Not to bury the lede, but the great irony about some of Edwards’s early wastefulness is that whenever he engages in the single least efficient mode of offensive production (isolation) he’s ... excellent? According to NBA.com, Edwards is currently the third-most efficient isolation scorer in the league, out of 114 who qualify. Before comparisons to James Harden start to rage, the sample size here is minuscule—Edwards finishes only about one possession per game in these spots—and some come in garbage time against garbage lineups. But for a perpetual NBA punching bag searching for some semblance of optimism, Edwards does stuff one-on-one that should have Timberwolves fans daydreaming about what this will look like two or three years from now.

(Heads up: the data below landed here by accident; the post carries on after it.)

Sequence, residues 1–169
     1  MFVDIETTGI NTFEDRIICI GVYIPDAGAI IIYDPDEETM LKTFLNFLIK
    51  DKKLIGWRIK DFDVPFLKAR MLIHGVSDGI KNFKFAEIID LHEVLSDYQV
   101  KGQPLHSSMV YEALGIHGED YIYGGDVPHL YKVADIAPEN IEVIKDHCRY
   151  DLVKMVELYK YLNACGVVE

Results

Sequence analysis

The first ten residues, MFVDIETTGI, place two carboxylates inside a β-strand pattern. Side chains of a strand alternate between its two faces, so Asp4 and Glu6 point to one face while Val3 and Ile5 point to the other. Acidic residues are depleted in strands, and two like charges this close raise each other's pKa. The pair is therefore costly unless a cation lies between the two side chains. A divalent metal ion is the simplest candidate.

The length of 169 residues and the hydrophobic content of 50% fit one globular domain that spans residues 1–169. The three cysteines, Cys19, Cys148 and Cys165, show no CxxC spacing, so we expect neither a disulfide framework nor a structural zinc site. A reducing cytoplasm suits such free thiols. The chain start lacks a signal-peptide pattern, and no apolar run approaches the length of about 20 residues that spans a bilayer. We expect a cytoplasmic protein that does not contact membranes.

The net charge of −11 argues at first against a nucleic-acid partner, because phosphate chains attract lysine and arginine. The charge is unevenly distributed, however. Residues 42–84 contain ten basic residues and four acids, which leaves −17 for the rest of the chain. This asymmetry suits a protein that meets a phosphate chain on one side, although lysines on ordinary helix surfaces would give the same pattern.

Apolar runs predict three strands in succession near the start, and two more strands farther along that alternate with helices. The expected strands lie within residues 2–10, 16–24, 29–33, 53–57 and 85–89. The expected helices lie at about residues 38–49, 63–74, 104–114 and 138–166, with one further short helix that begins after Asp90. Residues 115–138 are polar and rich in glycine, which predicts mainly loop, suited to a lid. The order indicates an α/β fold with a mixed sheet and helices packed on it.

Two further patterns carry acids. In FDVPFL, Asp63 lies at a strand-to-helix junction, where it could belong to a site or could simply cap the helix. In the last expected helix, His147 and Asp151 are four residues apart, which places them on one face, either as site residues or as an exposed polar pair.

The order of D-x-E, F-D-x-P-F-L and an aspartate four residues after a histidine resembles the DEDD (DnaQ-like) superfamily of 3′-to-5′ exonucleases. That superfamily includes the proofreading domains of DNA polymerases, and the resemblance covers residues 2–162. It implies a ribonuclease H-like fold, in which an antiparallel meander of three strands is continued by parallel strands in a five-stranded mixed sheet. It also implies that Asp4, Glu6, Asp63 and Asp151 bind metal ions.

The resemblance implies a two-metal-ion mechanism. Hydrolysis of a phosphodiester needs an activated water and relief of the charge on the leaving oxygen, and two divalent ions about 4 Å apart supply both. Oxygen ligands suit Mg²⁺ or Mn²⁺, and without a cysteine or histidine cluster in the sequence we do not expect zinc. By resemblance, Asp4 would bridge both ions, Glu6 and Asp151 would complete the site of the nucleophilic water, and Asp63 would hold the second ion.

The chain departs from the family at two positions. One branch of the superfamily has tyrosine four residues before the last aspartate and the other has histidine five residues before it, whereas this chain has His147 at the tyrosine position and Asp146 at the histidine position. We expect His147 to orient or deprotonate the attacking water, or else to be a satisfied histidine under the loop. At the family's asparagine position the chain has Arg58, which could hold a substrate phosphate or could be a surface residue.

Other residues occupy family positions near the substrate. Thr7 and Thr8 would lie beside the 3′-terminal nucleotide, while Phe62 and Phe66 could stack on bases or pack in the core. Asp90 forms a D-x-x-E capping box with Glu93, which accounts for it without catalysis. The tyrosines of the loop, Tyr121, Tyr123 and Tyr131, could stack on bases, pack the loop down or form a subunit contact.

Edwards’s defender on this play is Solomon Hill, a 6' 6", 225-pound, 29-year-old wing whose main function in the league is to prevent players like Edwards from doing exactly what he did. The turbo boost here is incredible. Edwards dusts Hill without a screen, gets into the paint, draws help, and singlehandedly creates an opportunity for Ed Davis at the rim.

Above, Edwards shows off his unteachable strength. There’s nothing fancy about this play, just a simple left-to-right crossover before he rumbles downhill for a layup through Utah’s top perimeter defender. (Note that Karl-Anthony Towns is also on the floor, occupying Derrick Favors’s attention. Minnesota’s offensive rating in the 48 minutes Edwards and KAT have shared the court is a sizzling 122.9.)